Jonathan Santore, composer and educator at Plymouth State University, and recipient of numerous awards, including the American Prize and New Hampshire Composer of the Year, is releasing his debut solo album THERE ARE MANY OTHER LEGENDS on Navona Records this coming Friday, March 10th. Santore is also our next featured artist in ‘The Inside Story,’ a blog series exploring the personalities of our artists.
Who was your first favorite artist(s) growing up?
THE PARTRIDGE FAMILY! Despite the fact that my parents were both very good amateur musicians who played recordings of a lot of good music in the house (Dad jazz/swing/Great American Songbook, Mom classical), it wasn’t until I saw the Partridge Family that I perceived music as a thing that people did. Now, of course, I listen to those songs and hear solid, well-produced bubblegum, so there might have been worse things to listen to!
As I look back, I realize that I was also unconsciously cherry-picking the steady Top-40 diet of my childhood for interesting timbres, etc. – the piccolo and bassoon in “Tears of a Clown,” the big sweeping French horn lines in Chicago’s “If You Leave Me Now,” etc. etc. Then I became a huge Elton John fan, and I realize now that a lot of that sprang from Paul Buckmaster’s orchestral arrangements on his early stuff.
In high school, I was a dedicated trumpet player and band kid, so I spent a lot of time listening to the 20th Century composers who wrote for wind ensemble. This prepared me for a 20th Century Music course in college where I heard SO MUCH life-changing stuff for the first time.
When did you realize that you wanted to be an artist/composer/creator?
Oddly enough, I was already playing trumpet several hours a day, pretty engaged as a practicing musician (for a fifteen-year-old, anyway), when one of my high-school English teachers and his wife took me to a screening of Citizen Kane. I’ve tried to describe for years what that experience did for me and has meant to me. Up until that point, music had been fun, a challenge, something to persevere and try to excel at. That screening of Citizen Kane, however, was the first time I remember having a genuine aesthetic reaction to something – in other words, seeing something as ART for the first time, and feeling it as ART and knowing it as ART – having it act on me in a way that nothing else had before. The idea of getting to spend long stretches of time in that place, the place that only art can take us as perceivers, and of being able to bring others to that place as a maker, bit me right there and then.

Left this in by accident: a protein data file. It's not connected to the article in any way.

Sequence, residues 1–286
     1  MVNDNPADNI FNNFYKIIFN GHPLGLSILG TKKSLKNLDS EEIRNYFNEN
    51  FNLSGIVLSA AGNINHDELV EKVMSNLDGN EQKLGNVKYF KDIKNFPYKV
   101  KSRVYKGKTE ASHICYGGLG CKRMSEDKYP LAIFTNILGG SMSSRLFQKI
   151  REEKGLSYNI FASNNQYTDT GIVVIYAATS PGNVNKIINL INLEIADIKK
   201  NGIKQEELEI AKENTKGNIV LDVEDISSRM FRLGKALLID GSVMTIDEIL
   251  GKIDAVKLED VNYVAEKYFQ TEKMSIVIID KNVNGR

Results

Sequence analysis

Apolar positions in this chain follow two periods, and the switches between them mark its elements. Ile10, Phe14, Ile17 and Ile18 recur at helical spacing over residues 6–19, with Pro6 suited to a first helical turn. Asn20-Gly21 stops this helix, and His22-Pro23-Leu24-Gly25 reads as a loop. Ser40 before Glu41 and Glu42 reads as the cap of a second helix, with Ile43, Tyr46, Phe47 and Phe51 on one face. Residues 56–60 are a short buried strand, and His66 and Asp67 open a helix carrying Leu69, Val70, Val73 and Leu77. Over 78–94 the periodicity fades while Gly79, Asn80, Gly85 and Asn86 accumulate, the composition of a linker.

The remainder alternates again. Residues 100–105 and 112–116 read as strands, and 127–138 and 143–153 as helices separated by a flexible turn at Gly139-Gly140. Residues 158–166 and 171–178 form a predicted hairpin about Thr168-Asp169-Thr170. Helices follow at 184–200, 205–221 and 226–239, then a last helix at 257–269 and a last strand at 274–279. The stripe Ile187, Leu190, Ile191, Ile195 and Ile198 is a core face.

What was your most unusual performance?
Unusual and wonderful, thanks to my colleague, collaborator, and friend Dan Perkins, who conducts all the work on There Are Many Other Legends, and who commissioned most of it. I’m privileged to serve as composer in residence for the New Hampshire Master Chorale, which Dan founded with some like-minded choral singers over ten years ago. One of the things that interests Dan most is bringing performances of 20th- and 21st Century music to new audiences and new performance spaces. A few years ago, he told me that he was planning a performance of Leonard Bernstein’s Mass as part of an annual summer solstice festival in Concord, NH, that the performance would be followed by a singalong screening of West Side Story, that the whole event would take place in a parking garage downtown, and what did I think I’d be interested in writing for that concert? My composition setting texts about the summer and winter solstices was well received by the audience – a standing-room-only audience that Dan had brought into a parking garage for a concert consisting entirely of works written after 1970!
If you could spend creative time anywhere in the world, where would it be? And why?
I love San Francisco – I fell in love with the place the first time I went there, and have stayed in love with it ever since. This probably falls under the “guilty pleasures” category, but I especially love the area around Fisherman’s Wharf – but early, EARLY in the morning, when there are very few people around, many of them working fishermen headed for their boats. I can imagine living there or near there, with few material possessions, writing music for much of the day, and wandering around blissfully for the rest of the day in and out of the touristy chaos. And the fact that I imagine few material possessions is a very good thing since that’s the only way I could BEGIN to afford to live there!
Jonathan Santore’s THERE ARE MANY OTHER LEGENDS will be released on March 10th. Pre-order now on Amazon, iTunes, and ArkivMusic.